The ripple effect – where people move out from London and the South East to more affordable locations elsewhere – would appear to not merely be a phenomenon in the buyers and sellers’ market.
Tenants, too, are increasingly looking to live in commuter towns where rents are cheaper and the cost of living is lower.
Flatsharing website SpareRoom.co.uk recently released its new quarterly index for Q4 2014. And it threw up some interesting results.
The data found that rents in the commuter towns of Swindon and Luton are increasing four times faster than in the capital, with those priced out of London heading for the commuter belt instead.
Looking at the UK’s 50 largest towns and cities, the research revealed that rents rose quickest in Swindon (13%), Luton (12%), Bristol (11%) and Reading (10%).
While rents in London are witnessing a slowdown – from 9.5% between 2013 and 2014 to just 3.5% between 2014 and 2015 – it’s still the place with the highest rents and the highest level of demand.
Investors and landlords are still drawn to the capital because they know their properties will be easily filled and their returns will be good.
As for value for money, the cheapest average rents are to be found in Belfast (£277), Bradford (£294), Dundee (£317) and Sunderland (£318), while Reading (£548) and Oxford (£537) were the priciest major towns/cities outside of London for tenants.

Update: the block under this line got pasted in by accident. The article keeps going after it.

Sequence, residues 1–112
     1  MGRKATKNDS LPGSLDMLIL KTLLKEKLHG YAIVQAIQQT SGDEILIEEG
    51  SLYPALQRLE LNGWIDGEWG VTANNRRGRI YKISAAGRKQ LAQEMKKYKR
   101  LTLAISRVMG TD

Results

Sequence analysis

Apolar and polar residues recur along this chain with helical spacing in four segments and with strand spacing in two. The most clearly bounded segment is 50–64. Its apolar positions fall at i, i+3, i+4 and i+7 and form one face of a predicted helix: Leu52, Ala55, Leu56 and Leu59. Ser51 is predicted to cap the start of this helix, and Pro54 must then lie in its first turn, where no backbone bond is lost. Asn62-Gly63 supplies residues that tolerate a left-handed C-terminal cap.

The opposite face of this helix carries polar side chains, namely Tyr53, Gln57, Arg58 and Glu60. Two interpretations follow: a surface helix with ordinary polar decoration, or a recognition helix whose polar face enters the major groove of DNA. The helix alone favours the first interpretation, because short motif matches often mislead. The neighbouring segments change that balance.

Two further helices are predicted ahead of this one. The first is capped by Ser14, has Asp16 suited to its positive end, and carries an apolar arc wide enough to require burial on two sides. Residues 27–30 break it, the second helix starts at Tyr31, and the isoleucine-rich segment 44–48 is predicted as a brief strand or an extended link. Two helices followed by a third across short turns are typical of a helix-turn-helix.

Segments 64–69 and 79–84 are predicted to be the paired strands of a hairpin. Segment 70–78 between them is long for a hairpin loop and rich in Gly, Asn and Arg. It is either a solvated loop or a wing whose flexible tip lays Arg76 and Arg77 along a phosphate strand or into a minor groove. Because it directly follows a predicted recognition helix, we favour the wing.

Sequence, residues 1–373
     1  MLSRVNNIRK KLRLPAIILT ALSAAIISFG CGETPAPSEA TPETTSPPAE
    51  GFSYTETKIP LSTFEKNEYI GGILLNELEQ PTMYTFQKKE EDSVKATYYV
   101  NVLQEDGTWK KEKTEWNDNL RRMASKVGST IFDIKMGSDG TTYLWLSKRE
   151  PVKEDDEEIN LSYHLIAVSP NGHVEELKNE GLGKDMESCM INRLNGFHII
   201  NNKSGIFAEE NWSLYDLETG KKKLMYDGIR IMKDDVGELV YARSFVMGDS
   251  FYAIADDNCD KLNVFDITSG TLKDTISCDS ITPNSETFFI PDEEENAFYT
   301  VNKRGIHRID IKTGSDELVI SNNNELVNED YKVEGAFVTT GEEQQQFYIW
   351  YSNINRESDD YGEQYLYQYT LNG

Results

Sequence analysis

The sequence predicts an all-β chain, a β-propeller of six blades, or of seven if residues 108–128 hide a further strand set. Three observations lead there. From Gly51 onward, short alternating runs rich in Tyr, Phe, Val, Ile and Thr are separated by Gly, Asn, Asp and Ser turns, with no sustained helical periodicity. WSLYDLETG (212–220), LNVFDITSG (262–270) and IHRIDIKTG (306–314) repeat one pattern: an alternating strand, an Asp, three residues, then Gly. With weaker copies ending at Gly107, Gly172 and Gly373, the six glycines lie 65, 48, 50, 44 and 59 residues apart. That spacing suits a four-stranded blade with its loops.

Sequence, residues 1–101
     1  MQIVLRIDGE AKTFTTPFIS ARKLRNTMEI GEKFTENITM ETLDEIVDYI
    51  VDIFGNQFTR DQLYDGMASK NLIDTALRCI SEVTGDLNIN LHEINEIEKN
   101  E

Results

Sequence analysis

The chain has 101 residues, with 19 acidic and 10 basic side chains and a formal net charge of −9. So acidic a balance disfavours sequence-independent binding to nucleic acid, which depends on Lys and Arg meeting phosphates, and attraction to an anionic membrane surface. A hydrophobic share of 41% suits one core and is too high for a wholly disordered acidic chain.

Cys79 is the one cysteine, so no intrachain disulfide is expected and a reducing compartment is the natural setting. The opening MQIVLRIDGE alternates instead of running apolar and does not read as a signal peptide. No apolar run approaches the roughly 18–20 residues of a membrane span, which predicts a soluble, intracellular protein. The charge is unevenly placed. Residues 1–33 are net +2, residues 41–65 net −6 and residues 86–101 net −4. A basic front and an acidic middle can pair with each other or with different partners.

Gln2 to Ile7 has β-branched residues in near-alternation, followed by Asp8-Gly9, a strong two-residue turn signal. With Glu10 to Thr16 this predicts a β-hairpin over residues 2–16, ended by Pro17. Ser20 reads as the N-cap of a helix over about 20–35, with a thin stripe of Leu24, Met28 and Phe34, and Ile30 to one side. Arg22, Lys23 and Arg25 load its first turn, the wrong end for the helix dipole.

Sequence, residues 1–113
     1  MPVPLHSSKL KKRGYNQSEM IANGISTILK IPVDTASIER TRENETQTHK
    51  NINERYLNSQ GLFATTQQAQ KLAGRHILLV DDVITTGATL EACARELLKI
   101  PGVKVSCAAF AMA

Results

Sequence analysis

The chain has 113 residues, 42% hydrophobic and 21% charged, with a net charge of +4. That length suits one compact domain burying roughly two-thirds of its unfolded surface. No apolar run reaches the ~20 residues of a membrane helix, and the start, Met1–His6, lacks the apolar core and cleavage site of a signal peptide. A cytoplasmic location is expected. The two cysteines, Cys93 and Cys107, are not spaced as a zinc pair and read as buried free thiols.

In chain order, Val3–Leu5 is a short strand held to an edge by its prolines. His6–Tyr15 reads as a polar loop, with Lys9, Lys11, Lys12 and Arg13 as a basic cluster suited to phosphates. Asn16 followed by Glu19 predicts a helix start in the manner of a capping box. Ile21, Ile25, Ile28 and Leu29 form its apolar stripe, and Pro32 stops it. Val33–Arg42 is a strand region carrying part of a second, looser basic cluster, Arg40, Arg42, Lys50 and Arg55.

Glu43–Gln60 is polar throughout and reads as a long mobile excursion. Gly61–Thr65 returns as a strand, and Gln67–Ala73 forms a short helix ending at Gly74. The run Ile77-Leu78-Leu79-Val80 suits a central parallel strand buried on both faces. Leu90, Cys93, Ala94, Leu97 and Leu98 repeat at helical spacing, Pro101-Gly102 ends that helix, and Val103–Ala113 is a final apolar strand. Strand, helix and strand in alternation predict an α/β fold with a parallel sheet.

Esher, Twickenham and Kingston – which nowadays come under the banner of Greater London – are popular commuter hubs and, as a result, have the most expensive rents of the capital’s wide-ranging suburbs.
We all know that demand for private rented accommodation remains very high, with high house prices pushing more and more people into the Private Rented Sector each year. And this is shown best in Harlow, Essex, where nine would-be renters are battling it out for each available room. This number is only matched elsewhere in the UK in Belfast.
Supply is less of an issue in three of England’s most famous cities – Liverpool, Manchester and Birmingham – with these industrial giants of the not too distant past having the most available stock of any of the UK’s 50 biggest cities. So, for those looking to rent a room at short notice, these are the cities to head to.
Average rents for most cities/towns continue to rise year by year. While London is dominant, the upward movement in rents is spreading to most of the UK, which can only be good news for would-be landlords or existing landlords looking to expand their portfolio.
If you provide good-quality accommodation and market it well, you should have no issue in letting your property out.
You should also be able to charge a decent rent and secure some strong rental yields into the bargain.
The situation doesn’t look like changing anytime soon, either – instead of demand for rental homes shrinking or staying as it currently is it, it is expected to rise further over the coming years.
By 2025 PwC expects nearly a quarter of all UK households to be renting privately, with more than half of these being aged 20-39 years old.
This translates to an additional 1.8 million private renters over the next decade.
In other words, it's a good time to be a landlord.